Everyone on staff was impressed with the exterior styling of the new Ram. The Inferno Red Crystal Metallic Pearl and Tan color combo definitely makes the Ram stand out in a crowd, but in any color, the chromed honeycomb grille, flanked by crystalline muscle-car-like headlights create an aggressive leading edge. The wraparound, chromed bumper with the frenched-in running lights closes the deal making the front end a complete package. A close inspection of the body panel and door gaps revealed very tight, consistent tolerances. The only snag was the small gap on the forward edge of the taillights. The only reason we noticed it was that on an otherwise clean truck, the gap gathers dust. The wraparound rear bumper with dual exhaust cutouts was also appreciated, though it did pose concerns for towing with the exhaust leading directly to the towed equipment. Overall, the sleek design represented the most dramatic change in Ram design since the '94's love-it-or-leave-it, big-rig look, and we think it's a hit. The Dodge Boys have really done their homework on this one.
The quality of materials, including wood trim, chrome accents, and leather, is miles ahead of the previous generation, and really makes the Dodge look luxurious. The two-tone tan and brown leather-trimmed dash with contrasting white stitching is a big factor, and gives the dash texture and definition. The front heated and ventilated seats were comfortable for just about everyone who got behind the wheel. The seat's bolsters keep you planted laterally and the leather upholstery was soft and pliable. A heated steering wheel should appeal to those of you who live where there are actual seasons. Staff members really appreciated the gauge cluster layout with the centered Driver Information Center (DIC) framed by the large tachometer and speedometer. Transplanting the DIC from the overhead console to the gauge cluster allows you to keep your eyes closer to the road when checking vital stats like tire pressure and fuel economy.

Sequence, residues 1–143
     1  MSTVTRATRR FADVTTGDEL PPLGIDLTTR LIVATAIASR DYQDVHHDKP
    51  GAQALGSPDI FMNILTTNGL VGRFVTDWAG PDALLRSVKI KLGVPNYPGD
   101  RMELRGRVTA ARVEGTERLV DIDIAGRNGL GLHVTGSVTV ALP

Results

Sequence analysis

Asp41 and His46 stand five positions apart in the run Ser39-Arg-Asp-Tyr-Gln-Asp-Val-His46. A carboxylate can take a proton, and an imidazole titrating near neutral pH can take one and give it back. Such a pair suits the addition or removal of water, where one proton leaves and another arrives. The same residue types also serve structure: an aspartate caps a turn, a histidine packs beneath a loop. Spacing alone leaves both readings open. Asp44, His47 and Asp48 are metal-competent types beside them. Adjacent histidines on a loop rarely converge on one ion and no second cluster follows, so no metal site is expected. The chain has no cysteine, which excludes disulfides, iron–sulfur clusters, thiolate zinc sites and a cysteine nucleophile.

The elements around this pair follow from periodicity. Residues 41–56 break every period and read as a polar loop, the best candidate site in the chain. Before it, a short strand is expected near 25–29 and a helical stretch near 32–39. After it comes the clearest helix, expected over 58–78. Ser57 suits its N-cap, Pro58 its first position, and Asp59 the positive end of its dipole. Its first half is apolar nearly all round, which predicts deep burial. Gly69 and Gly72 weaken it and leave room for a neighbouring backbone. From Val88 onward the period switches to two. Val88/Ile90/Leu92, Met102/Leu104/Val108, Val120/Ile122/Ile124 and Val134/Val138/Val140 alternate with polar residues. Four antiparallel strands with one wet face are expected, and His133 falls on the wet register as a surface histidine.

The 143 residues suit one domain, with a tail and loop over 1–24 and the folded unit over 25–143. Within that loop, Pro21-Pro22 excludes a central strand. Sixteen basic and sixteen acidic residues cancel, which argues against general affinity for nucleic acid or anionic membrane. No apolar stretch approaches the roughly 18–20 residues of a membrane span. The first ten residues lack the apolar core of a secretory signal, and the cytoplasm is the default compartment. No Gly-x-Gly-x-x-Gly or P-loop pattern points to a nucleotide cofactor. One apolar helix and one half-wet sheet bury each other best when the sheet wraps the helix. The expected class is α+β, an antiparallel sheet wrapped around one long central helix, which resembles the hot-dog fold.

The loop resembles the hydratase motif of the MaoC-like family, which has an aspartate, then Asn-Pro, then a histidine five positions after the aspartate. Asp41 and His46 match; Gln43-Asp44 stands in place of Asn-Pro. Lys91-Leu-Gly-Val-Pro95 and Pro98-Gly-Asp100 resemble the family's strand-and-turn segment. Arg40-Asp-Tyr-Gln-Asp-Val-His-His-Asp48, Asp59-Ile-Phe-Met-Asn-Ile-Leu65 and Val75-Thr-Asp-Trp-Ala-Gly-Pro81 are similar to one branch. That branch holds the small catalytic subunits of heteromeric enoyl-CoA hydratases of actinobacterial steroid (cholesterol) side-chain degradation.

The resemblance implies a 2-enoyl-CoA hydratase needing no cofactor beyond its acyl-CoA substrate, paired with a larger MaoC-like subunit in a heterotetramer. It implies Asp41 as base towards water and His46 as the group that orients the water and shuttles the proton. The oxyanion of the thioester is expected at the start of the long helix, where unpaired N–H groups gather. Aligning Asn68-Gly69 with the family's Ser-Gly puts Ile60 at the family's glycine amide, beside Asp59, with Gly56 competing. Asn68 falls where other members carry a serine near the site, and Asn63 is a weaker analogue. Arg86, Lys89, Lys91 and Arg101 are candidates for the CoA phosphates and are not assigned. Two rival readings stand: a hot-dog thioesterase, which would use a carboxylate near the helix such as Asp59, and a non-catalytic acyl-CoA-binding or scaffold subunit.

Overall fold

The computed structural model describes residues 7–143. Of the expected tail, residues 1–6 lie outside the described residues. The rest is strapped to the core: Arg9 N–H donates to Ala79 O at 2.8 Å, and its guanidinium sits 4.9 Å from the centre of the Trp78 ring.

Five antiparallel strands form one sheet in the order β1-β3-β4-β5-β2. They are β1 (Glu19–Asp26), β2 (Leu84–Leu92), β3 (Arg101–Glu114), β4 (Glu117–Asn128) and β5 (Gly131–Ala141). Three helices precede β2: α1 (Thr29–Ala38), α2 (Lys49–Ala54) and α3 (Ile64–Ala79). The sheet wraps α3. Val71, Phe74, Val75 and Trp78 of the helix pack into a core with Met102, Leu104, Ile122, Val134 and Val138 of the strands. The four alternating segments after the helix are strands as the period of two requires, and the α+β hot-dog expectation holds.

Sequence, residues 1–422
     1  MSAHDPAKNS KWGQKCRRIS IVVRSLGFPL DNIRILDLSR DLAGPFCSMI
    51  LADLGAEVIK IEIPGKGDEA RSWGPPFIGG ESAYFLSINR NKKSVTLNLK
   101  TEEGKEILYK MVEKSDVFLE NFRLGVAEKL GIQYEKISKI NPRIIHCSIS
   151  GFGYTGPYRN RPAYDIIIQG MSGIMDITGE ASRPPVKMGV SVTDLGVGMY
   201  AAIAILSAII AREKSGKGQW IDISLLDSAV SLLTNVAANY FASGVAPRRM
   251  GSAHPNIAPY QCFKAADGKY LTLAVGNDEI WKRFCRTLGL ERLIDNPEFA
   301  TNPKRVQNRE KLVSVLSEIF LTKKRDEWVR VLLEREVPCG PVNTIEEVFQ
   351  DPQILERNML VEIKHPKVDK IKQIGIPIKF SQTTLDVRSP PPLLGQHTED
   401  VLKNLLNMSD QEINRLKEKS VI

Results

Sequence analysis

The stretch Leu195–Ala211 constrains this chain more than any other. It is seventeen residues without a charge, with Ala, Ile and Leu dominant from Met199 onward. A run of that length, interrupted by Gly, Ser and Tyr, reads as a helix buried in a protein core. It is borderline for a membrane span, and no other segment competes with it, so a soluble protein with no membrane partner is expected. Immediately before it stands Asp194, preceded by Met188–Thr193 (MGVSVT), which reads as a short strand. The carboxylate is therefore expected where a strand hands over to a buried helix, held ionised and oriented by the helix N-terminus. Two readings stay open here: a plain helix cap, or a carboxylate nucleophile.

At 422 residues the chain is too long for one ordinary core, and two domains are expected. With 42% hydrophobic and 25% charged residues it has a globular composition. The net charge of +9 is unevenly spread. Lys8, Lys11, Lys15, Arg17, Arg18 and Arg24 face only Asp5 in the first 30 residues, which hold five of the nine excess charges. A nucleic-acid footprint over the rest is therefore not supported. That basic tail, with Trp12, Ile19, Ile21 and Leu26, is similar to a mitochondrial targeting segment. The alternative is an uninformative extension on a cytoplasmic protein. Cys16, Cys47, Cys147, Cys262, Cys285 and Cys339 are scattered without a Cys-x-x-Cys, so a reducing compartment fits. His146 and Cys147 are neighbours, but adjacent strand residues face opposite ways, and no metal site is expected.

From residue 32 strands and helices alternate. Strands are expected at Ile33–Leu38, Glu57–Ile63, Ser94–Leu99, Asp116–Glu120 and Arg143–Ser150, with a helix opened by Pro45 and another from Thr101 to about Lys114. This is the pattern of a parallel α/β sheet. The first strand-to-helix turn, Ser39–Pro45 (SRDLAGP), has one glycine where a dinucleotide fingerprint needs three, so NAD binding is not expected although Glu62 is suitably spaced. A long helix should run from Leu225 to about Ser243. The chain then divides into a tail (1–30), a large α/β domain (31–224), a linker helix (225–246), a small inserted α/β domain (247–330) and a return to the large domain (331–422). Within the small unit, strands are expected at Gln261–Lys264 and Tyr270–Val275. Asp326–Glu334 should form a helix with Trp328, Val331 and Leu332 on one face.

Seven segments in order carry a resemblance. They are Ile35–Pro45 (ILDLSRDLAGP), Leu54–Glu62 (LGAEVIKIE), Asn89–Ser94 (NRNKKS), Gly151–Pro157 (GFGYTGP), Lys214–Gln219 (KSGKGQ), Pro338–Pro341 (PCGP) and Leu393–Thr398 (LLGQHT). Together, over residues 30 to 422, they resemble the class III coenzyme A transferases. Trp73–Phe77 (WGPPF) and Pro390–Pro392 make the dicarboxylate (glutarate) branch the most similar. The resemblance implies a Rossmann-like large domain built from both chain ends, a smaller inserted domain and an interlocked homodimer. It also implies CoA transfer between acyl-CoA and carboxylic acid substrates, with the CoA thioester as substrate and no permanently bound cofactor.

A ginormous center console features several convenient trays, dual cup holders, and electrical receptacle located in the console's center bin. The T-grip shifter has an effortless gear selection pattern without a needless maze of gates like the Tundra. A bevy of storage areas, both large and small, allow you to stash maps, cell phones, sunglasses, and dozens of other small accessories out of the way. The 110V outlet in the dash helps with both the "working man" and "family" theme, i.e., powering a laptop while on a construction site or powering the PS3 for the kids in the back. Speaking of the rear seats, Dodge made a great compromise in space between the Mega Cab and Quad Cab rear seats, and the heated rear seat option trumps all of the competitors. Rear seat passengers had plenty of legroom, just a bit less than the F-150, but the higher hip point was more comfortable for taller passengers. The rear TV is a decent size and quality, while the inputs are easy to distinguish. The Sirius satellite TV option has got to be a big draw for families, as it keeps the kids entertained whether or not you have DVDs on hand.